Dean Rohrer

Le Nigeria avance lentement vers une identité nationale

ABUJA – Les Nigérians aiment le théâtre politique, en particulier s’il est bruyant, coloré et s’il met en scène une riche palette de « bons » et « mauvais » personnages. Pareils mélodrames ont abondé entre Novembre 2009, lorsque le Président souffrant Umaru Yar’Adua fut évacué par les airs hors du pays afin de recevoir un traitement, et les élections qui viennent de se tenir, pour la quatrième fois de l’histoire au Nigéria depuis la fin du régime militaire en 1999. Selon les résultats officiels, c’est Goodluck Jonathan, qui avait succédé à Yar’Adua après sa mort pour devenir le candidat du parti au pouvoir le People’s Democratic Party (PDP), qui a été proclamé Président le 29 mai.

Jonathan était le plus improbable des candidats dans le combat sans pitié pour le pouvoir présidentiel. Il est un Ijaw, une minorité ethnique du Sud-Sud, une des six régions politiques du Nigéria, alors que la gouvernance du pays a été historiquement dominée par les trois groupes ethniques les plus importants – les Hausa-Fulani, habitant essentiellement le Nord-Ouest et le Nord-Est, les Igbo du Sud-Est, et les Yoruba dans le Sud-Ouest. Mais au terme de négociations ethniques complexes, Jonathan est devenu le compagnon de campagne de Yar’Adua lors des élections frauduleuses de 2007.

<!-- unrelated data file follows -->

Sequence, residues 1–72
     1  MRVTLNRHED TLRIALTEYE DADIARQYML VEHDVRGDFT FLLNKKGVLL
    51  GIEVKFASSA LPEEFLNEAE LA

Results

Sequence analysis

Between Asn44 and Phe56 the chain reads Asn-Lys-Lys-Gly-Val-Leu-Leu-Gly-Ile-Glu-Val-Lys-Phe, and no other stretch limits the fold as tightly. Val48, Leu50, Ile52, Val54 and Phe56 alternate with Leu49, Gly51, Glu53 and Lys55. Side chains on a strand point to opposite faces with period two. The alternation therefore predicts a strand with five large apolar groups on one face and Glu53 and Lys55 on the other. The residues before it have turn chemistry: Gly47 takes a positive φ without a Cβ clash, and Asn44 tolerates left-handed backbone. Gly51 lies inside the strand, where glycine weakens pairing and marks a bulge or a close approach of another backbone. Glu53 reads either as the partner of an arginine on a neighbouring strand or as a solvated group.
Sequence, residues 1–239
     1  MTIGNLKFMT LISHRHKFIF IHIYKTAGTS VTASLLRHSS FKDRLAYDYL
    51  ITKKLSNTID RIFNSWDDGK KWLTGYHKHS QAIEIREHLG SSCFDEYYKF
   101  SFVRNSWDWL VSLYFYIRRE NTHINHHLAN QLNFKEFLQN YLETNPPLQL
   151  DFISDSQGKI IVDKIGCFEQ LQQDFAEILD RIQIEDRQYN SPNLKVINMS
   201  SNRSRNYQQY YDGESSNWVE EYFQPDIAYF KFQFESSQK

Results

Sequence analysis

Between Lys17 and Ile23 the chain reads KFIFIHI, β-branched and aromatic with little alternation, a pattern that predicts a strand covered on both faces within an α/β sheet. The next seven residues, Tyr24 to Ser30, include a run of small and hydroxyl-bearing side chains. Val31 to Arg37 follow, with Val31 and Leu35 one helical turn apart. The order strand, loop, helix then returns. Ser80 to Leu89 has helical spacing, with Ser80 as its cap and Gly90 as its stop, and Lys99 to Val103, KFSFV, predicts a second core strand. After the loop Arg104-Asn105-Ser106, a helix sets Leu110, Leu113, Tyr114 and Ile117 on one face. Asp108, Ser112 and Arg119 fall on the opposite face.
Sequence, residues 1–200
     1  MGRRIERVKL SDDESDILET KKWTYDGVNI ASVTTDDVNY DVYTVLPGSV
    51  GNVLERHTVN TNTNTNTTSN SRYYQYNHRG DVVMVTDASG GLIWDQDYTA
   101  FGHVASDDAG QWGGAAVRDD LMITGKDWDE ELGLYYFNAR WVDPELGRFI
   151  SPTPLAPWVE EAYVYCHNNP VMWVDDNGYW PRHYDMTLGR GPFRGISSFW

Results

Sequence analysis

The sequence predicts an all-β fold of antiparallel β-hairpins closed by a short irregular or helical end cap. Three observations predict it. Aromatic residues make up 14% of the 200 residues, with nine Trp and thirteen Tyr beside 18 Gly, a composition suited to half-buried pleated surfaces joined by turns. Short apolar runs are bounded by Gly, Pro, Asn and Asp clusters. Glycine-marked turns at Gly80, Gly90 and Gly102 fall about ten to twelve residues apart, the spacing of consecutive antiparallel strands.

Au début de la campagne électorale, Jonathan a dû écarté de puissants politiciens conservateurs du nord, qui estimaient que l’accord informel du PDP établissant la rotation régulière du pouvoir entre le nord et le sud donnait droit à cinq années de pouvoir supplémentaires pour leur région. Après tout, soutenaient-ils, Olusegun Obasanjo, le prédécesseur de Yar’Adua originaire du sud à majorité chrétienne, avait gardé le pouvoir huit années durant.

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